The Malta Independent 11 December 2019, Wednesday

Erin Tanti, one calamity after another

Andrew Azzopardi Wednesday, 19 June 2019, 09:44 Last update: about 7 months ago

What Erin Tanti was accused and found guilty of is despicable on so many levels. 

He had an improper and deplorable relationship with a minor.  He abused of his power when every educator is first and foremost an advisor and supporter and as her mentor and drama teacher he has completely warped how educationalists should behave.  To add insult to injury he drove this girl, a baby to her family, to commit suicide.  He blew off her candle instead of giving her hope.  He should have provided her with the necessary comfort she needed but instead he misused an opportunity to accompany this young girl in any tribulation she might have had at home and with herself.    

What Erin Tanti was doing was malicious, verging on evil, on so many levels.  The anger of Lisa Marie Zahra’s family is justified and befitting. 

Still, there are lessons that need to be learnt from this calamitous situation. 

Firstly.  The decision of this man to give up the opportunity to face a jury is rather bewildering.  Most defence lawyers use this system to their client’s favour.  It gives the lawyers the chance to itemize the issue.  So what was behind this 11th hour decision for Tanti to give up on this opportunity?  Was it just because the procedures per se would have had him crucified even more, possibly with a longer sentence?  Maybe the defence lawyers knew that Erin Tanti could never get a fair-minded trial after the hubbub this case created?  It’s a fact that trial by media removes every opportunity for a person and his/her reputation is overcome by a perception of guilt even before the courts of law even start the process. With all the media exposure and the lynching that took place at the time when this crime surfaced is a case in point.  “I’ll be judge, I’ll be jury,” said cunning old Fury; “I’ll try the whole cause, and condemn you to death.” (Alice’s Adventures in Wonderland by Lewis Carroll).

I think highly of the defence lawyers that assisted Erin Tanti.  Both Dr Michael Sciriha and Dr Lucio Sciriha are knowledgeable and took on a lose-lose complex case.  They must have tried to manage this situation but the system was soiled and would never allow for Erin Tanti to get the jury he was entitled for.  Even so, I am all for Erin Tanti to forfeit for his misdemeanours.   Now much as this case seems to have been straightforward and candid, what if the evidence in any other case was not as undisputable? Why should any accused’s presumption of innocence be thrown out of the window?

Secondly.  Erin Tanti’s judgement is also akin to a verdict that needs to be directed towards what contributed to him behaving in this way.  What led him to become the person he became?  Where was the school, the informal and formal networks, family and friends?  People do not need a crystal ball to realize that what happened was predictable.  I cannot believe that such conduct would go unnoticed.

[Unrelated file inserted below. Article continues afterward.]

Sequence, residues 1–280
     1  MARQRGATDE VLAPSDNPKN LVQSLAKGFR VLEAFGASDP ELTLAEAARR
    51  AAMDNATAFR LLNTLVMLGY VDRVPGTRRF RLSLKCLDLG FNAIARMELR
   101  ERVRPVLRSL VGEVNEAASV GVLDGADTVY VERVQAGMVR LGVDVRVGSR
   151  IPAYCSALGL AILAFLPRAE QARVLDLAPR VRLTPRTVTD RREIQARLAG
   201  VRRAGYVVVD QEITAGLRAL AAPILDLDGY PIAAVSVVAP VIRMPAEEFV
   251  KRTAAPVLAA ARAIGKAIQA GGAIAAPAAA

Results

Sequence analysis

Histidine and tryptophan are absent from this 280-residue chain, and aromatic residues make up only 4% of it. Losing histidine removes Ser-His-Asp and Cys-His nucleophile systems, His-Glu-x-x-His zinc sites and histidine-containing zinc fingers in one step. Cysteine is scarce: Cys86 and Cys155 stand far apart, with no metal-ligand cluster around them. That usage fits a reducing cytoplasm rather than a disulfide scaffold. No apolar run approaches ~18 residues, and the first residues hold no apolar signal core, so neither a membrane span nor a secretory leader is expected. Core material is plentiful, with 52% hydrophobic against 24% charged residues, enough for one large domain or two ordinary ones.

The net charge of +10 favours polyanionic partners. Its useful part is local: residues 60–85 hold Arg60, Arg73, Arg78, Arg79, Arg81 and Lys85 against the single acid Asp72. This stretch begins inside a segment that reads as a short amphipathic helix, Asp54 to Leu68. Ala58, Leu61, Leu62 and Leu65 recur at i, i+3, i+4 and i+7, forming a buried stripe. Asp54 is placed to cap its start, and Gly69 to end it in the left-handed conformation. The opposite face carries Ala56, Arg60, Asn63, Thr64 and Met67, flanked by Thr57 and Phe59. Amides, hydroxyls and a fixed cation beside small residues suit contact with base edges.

Thirdly.  I am interested to know whether the people who employed him had done the mandatory due diligence.  Maybe at the time there wasn’t a warranting process but how come this man and the sleazy and crooked relationship he had with this underage girl go undetected, or was it ignored by people who should have known better?

Fourthly.  With all the running around that parents and family members are engaged in, do we have the structures in place that protect minors from such behaviour?  This power relationship is a major problem that we need to face up to.  With children being plonked in drama lessons, dance and sports activities whilst the parents rush back to work or run around with their other kids is frightening, leaving children and other vulnerable young people exposed to these predators. 

Fifth.  Was it the right thing to do for the University of Malta to interrupt Tanti from reading a course more so when the case had not even started?  I do not know the details of what made the UM authorities arrive at this decision but I believe that everyone should have a chance to be educated.  In fact, we’ve had drug traffickers, sex workers and a person accused of fraud (that I know of) who were allowed to read courses at University (and others at MCAST and other higher education institutions).  I would only have had a problem if someone had to be allowed to read a course that would automatically lead to a profession directly related to human interaction, before the case would have been heard.  Having said that there are enough checks and balances within every profession to regulate whether people are suitable to practice or not.

The case of Erin Tanti is as sad as they come. 

This young man has disbursed the life of this teenager that had everything to live for.  We now have a tragedy that has muddled up two families, ended with the ultimate misfortune of a lost life and a young man in prison for the next two decades.  The life of so many will never be the same.  I wonder, what could we have done better?

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